Through gritted teeth, she said, “Those girls. I hate those girls. They’re better dancers than me.” And my heart broke. Not because those girls could dance, but because I saw the same perfectionism I’ve lived with for almost thirty-five years worming its way into the heart of my six- year-old daughter. That perfectionism robs all joy because it fixates you so desperately on your own performance, with the promise that if you can just be perfect everything will be okay. What perfectionism doesn’t tell you is that nothing will ever be perfect, you most of all.
Anne Lamott wrote, “Perfectionism is based on the obsessive belief that if you run carefully enough, hitting each stepping-stone just right, you won’t have to die. The truth is that you will die anyway and that a lot of people who aren’t even looking at their feet are going to do a whole lot better than you, and have a lot more fun while they’re doing it.”

Sammy Rhodes, This Is Awkward, Thomas Nelson, 2016, pgs 28-29.


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The Days Are Long, But The Years Are Short (via Sarah Condon)

Though parenting young children can be the most demanding of seasons in a person’s life, it is also a time that our minds return to with an increasing fondness as the years pass.
Sarah Condon writes an essay on The Work Of Love which is parenting:

It is hard to recognise that you are in the sweetest time of your life when you are in it. People often say to young parents that “the days are long, but the years are short.” They are right. In a very short time my children will be adolescents, and then teenagers, and then I will have one very quiet house. I know that there are happy years beyond these. But for some holy reason, these are the years we return to in our memories, even decades later. I am convinced that the work of love we do stays with us no matter how much time has past.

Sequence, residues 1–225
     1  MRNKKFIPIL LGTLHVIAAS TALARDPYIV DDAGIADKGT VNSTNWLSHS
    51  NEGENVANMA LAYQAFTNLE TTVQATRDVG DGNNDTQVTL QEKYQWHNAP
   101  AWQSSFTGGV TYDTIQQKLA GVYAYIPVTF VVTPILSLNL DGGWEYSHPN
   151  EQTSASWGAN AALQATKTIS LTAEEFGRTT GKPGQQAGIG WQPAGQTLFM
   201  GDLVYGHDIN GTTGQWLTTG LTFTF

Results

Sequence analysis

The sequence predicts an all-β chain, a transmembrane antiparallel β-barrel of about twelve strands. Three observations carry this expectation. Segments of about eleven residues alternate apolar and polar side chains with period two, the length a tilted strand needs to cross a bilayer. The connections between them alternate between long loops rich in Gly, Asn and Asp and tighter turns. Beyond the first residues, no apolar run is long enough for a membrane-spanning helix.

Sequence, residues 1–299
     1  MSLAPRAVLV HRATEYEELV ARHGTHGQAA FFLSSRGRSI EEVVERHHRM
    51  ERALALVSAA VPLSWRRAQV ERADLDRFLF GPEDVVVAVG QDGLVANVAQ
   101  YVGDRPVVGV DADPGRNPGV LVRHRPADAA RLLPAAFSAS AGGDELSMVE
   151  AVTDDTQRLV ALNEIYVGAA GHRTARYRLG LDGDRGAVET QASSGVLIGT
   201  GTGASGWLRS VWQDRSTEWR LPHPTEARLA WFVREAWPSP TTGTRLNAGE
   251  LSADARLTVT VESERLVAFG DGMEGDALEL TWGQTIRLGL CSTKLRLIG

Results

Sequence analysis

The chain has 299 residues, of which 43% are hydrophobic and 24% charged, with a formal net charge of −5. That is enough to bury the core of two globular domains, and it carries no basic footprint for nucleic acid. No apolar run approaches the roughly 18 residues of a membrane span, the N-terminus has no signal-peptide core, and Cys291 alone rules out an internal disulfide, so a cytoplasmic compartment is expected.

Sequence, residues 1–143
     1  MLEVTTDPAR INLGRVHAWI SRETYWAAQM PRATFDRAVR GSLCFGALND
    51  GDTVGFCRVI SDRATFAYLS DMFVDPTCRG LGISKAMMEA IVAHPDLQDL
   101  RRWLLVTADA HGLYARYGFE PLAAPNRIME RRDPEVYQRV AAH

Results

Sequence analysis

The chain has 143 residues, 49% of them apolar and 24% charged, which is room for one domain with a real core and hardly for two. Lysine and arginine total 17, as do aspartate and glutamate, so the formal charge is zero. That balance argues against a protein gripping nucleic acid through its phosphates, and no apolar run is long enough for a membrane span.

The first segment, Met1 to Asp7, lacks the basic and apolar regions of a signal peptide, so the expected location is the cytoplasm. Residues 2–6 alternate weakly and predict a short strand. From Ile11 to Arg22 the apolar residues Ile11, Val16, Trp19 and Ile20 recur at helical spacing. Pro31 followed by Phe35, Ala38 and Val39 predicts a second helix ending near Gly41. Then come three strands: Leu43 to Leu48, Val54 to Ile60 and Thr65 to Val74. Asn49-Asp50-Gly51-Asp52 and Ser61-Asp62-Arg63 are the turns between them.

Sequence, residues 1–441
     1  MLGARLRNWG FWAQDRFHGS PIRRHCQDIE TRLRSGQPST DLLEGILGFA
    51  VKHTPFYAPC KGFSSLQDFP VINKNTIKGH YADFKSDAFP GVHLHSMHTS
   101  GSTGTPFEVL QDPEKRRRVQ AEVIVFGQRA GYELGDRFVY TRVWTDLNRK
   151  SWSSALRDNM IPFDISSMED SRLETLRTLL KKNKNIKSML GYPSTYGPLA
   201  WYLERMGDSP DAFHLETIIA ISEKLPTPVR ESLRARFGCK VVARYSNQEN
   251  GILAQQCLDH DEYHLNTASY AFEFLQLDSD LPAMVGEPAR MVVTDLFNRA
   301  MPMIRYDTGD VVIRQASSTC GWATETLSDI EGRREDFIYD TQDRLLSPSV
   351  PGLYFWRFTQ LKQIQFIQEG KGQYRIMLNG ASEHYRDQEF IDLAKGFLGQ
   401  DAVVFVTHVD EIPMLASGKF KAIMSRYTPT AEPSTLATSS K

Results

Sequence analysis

Sarah Condon, Churchy, Mockingbird, 2016, pg 59.


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He Knows If You’ve Been Bad or Good…and Fills Your Stocking Anyway (via Carrie Willard at Mockingbird)

We never really did the Santa Claus thing, but we made sure everyone got lots of presents.
Regardless.
One mother’s struggle to observe some of the cultural expressions of Christmas without yielding to its anti-gospel narrative of performance rewards.
A taste:

My six-year-old asked my nine-year-old this question in the backseat of my car recently, and I tried to squelch the “of COURSE he is!” that was dying to escape from my throat.
The nine-year-old, who is the tallest innocent I’ve ever met, said that yes, he believed that Santa is real. The six-year-old had his hang-ups. “What would make you say that he isn’t?” I asked from the driver’s seat, imagining a list of logistical challenges that one man might have distributing gifts around the world.
Instead I got:
“I just can’t believe that he thinks we’re so good,” he said. “I mean, everybody sins. All the time.”
Read the whole post here.


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A Basic Rule Of Parenting

A basic rule of parenting: No one wants to play with it, until someone wants to play with it; then everyone wants to play with it, but not together.
To illustrate:


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If Parents Were Honest With Their Children

I heard a scrap of a conversation about the fine practice of not lying to your children yesterday.
It requires a bit more finesse than this.